Weather experts puzzled by high number of killer tornadoes

Deadly tornados are striking more frequently this year, forecasters say, but there's no one particular reason for it.

The country’s confirmed death toll this year from tornadoes is 98, more than double the average of 44 deaths annually from Jan. 1 through May 11, according to the National Storm Prediction Center in Norman, Okla. The country averages 60 tornado deaths a year. “It’s been one storm after another, it seems like,” said Greg Carbin, warning coordination meteorologist for the Storm Prediction Center.

This winter into spring, the jet stream has maintained a persistent storm pattern that has especially pummeled southern Missouri and Arkansas. But there’s no explanation for the pattern other than random atmospheric forces, said Andy Bailey, a meteorologist for the National Weather Service in Pleasant Hill. “There’s nothing that we can state that is causing it,” Bailey said.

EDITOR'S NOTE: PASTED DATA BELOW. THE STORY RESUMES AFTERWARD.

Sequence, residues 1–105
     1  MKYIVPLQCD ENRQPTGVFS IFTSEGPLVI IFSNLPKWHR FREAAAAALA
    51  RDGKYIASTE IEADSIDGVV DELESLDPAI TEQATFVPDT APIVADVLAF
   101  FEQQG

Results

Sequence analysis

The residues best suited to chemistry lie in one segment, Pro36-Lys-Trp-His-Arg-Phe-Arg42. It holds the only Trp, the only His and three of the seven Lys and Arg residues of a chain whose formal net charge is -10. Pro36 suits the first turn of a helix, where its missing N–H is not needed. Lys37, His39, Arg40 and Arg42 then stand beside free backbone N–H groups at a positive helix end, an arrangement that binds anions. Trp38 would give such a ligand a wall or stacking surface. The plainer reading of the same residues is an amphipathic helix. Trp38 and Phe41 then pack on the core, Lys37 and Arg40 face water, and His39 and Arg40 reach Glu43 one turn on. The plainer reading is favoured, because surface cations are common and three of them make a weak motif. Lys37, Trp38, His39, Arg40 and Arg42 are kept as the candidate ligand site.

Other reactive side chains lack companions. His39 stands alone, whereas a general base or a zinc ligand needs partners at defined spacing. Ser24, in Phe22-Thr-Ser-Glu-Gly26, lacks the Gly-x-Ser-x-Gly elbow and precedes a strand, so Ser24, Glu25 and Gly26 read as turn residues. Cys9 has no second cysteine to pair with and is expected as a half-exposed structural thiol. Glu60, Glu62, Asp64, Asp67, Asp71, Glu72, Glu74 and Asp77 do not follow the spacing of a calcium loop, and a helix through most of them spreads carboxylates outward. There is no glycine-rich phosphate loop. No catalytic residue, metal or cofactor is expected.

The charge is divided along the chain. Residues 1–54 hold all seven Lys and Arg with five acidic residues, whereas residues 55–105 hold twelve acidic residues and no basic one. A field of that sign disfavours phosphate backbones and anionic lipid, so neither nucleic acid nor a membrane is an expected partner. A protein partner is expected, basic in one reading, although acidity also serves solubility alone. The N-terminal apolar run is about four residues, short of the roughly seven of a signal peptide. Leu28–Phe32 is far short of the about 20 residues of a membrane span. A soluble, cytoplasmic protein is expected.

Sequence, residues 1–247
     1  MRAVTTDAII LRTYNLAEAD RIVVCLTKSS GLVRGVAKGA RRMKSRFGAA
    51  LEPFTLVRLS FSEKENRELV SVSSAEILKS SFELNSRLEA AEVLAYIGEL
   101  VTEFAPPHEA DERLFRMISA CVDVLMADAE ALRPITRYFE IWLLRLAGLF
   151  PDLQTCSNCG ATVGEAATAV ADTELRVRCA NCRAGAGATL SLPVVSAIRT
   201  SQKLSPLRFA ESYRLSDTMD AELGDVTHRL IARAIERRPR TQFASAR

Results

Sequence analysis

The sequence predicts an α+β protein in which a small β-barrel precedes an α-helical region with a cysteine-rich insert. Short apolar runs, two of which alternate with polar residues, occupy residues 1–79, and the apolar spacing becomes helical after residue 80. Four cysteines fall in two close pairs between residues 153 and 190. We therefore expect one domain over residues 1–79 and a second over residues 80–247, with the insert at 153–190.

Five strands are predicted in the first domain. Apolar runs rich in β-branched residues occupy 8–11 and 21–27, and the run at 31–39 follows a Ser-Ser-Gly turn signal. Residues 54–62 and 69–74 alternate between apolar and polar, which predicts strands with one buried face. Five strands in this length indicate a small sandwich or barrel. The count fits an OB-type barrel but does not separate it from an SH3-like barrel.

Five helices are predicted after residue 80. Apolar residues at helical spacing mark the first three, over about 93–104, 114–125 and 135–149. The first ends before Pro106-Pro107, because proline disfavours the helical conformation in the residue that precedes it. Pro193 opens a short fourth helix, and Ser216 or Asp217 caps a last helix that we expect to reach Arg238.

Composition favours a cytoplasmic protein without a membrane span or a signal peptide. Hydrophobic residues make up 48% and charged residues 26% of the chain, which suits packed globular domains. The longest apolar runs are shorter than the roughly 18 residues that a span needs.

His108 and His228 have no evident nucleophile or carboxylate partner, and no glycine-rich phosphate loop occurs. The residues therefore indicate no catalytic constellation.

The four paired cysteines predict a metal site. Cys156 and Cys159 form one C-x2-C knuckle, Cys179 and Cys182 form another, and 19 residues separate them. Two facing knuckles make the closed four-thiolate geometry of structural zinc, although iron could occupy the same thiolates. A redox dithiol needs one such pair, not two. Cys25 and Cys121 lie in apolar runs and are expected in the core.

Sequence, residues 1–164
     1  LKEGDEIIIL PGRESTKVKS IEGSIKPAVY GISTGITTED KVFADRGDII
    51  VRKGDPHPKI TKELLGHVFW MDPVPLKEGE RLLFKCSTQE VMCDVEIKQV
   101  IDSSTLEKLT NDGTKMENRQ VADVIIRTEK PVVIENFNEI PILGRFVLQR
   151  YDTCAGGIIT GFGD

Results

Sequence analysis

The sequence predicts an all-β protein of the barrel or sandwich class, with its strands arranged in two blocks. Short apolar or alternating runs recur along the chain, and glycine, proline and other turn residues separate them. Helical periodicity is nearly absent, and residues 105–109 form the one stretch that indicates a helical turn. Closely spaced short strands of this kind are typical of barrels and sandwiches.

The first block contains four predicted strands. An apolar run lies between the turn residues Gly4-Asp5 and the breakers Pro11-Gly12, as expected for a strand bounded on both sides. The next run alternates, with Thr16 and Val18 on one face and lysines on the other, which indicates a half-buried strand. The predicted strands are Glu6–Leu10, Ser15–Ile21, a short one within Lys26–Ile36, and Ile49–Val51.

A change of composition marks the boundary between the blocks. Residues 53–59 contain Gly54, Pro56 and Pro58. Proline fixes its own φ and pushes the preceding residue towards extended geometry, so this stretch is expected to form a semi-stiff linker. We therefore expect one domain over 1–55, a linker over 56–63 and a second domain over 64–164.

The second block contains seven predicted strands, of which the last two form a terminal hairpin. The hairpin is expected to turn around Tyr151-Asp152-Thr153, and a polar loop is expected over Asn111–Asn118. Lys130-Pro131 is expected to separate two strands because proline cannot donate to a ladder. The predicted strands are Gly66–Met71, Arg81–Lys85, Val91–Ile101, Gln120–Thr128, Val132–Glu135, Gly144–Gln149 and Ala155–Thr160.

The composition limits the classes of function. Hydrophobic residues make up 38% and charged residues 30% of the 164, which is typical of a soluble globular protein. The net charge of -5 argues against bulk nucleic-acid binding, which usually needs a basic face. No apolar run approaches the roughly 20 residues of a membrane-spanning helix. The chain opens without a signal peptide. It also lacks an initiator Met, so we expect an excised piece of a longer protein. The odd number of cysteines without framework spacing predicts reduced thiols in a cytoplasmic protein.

With spring still in mid-stride, the U.S. already has withstood 27 tornadoes that killed people, Carbin said. That compares with 23 killer tornadoes in all of 2007 and 18 in 2006, according to the Tornado Project of St. Johnsbury, Vt.

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